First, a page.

slug Mon 29-Apr-13 14:57:42

DD, aged 11 has been doing one day film making courses at the BFI. It strikes me that your DD if she's that way inclined she might want to make a project of it. You can get free open source video editing software. All she needs is something that produces video, most phones will do that now days, a script and a bit of imagination.

NatashaBee Mon 29-Apr-13 14:57:44

I agree with NADM - she could really do with some work experience. What about some sort of residential work where the travelling won't be an issue? Kids residential camps, maybe even Camp America?

givemeaclue Mon 29-Apr-13 15:07:09

If family holiday is not an option this year,acould you stretch to a pgl type activities camp for her for a week? Or would she be interested in going youth hostelling with a friend? I used to do via with my friends when I was 16 , we used public transport and had lots of future, all in UK she wouldn't even have to go

waikikamookau Mon 29-Apr-13 15:12:23

not only brownie and guides of course there are scouts and explorers, beavers and cubs

Sonnet Mon 29-Apr-13 15:43:49

I would love to get her some work exp in a Kids residential camp - it would do her the world of good...
I have thought about pgl type thing but none of her froends are interested and there is no way she would go on her own sad

givemeaclue Mon 29-Apr-13 16:04:33

Would she go away with some friends for a omg weekend somewhere?

givemeaclue Mon 29-Apr-13 16:04:49

Long not omg!

FoundAChopinLizt Mon 29-Apr-13 16:14:49

How about a local hotel? Some of the country house type ones have live in jobs, where you get accomodation and experience waitressing or changing over rooms.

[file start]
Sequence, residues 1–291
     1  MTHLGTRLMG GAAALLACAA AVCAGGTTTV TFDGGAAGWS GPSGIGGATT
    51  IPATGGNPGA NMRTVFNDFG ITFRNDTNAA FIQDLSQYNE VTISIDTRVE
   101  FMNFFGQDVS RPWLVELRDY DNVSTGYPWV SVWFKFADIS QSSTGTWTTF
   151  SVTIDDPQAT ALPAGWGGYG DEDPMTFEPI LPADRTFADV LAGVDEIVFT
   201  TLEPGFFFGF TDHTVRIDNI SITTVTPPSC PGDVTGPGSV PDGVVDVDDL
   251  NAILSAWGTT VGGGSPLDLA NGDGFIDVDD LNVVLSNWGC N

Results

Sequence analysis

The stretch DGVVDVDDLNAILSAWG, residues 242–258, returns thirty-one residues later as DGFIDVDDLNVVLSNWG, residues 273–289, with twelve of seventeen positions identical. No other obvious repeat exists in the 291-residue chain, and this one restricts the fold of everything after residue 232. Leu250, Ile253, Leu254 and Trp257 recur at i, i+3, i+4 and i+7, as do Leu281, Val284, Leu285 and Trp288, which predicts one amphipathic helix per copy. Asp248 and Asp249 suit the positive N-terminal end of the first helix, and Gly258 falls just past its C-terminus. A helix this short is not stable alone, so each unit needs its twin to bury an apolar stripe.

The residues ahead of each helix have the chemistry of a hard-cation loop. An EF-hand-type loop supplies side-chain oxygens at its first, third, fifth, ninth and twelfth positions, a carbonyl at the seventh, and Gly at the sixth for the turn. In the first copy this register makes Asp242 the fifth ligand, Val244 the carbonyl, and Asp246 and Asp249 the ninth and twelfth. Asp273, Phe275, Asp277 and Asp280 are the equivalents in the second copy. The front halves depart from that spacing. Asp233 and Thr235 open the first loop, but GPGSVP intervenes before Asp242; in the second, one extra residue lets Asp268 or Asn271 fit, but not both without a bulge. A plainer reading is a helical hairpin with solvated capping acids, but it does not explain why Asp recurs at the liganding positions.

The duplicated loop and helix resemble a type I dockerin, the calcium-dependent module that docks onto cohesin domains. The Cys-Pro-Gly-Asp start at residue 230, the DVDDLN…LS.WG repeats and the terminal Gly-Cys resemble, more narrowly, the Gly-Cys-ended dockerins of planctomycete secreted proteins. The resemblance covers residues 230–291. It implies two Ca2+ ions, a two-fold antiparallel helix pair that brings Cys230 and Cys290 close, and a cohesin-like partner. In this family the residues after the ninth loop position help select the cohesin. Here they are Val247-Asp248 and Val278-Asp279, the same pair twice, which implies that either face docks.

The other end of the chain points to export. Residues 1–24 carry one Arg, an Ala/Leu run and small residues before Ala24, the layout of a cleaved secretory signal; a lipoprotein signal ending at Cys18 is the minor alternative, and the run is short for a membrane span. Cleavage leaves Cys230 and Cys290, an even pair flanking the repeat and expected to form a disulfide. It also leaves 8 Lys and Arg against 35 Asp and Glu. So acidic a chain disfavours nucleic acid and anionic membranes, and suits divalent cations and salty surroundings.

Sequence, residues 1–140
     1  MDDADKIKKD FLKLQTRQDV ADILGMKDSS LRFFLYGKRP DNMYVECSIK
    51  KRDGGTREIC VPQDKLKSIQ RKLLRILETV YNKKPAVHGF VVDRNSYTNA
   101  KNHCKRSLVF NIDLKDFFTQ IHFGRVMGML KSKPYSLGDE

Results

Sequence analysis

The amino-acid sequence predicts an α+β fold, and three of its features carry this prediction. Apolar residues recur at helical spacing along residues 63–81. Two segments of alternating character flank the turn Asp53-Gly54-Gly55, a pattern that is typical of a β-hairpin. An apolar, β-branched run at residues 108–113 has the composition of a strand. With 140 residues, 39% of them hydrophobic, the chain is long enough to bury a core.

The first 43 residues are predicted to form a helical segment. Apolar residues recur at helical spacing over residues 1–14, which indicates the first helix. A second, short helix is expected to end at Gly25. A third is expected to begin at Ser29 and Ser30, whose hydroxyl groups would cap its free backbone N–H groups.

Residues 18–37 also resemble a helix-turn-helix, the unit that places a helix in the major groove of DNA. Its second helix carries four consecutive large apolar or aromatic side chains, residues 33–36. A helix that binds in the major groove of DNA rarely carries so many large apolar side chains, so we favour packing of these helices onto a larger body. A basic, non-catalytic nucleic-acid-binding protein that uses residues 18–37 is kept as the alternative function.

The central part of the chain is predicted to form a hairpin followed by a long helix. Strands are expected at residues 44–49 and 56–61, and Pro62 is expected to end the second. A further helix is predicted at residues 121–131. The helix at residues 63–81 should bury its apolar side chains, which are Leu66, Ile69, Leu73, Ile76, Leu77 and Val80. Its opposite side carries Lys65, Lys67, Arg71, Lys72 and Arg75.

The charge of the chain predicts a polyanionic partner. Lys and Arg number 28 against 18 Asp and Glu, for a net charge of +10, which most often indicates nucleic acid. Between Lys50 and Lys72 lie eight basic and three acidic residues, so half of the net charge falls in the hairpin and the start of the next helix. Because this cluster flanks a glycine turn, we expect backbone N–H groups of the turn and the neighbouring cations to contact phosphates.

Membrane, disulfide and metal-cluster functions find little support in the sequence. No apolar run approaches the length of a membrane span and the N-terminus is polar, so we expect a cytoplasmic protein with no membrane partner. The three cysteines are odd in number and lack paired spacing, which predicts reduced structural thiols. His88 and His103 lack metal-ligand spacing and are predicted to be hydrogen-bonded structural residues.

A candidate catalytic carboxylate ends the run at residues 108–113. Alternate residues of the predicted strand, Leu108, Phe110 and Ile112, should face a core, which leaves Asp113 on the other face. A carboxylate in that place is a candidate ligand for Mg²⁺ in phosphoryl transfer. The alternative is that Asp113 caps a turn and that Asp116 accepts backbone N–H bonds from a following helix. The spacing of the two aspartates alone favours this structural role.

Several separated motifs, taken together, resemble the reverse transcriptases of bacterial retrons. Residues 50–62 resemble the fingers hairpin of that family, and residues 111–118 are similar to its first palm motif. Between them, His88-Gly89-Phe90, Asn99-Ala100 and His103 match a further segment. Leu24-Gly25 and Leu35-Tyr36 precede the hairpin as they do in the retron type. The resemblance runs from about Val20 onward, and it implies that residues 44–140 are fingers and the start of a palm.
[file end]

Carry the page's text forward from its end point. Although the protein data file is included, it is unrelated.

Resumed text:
At that age I spent a summer with a French family in Paris, helping with their dcs. They took me to the Alps on their family holiday, and I got to explore Paris on my own. I have been back a few times and we are still friends. We found the position through a friend of a friend, in pre Internet days.

Surely some of the thousands on mumsnet must need help with children in the holidays? It wouldn't even have to be abroad, it could just be with friends in a different part of the country.

FoundAChopinLizt Mon 29-Apr-13 16:17:08

Also if she's a fit type there are grouse beating jobs in Scotland where you live in as well. We used to get £££s for that.

NotaDisneyMum Mon 29-Apr-13 16:40:04

I will have to prod her along...where do teenagers get jobs these days?

I always have teens coming into my shop asking for work - the ones that show some initiative, I ask for their phone numbers and have given hours to one or two as needed - the ones who don't seem keen, don't know their phone number or aren't really interested, I don't bother!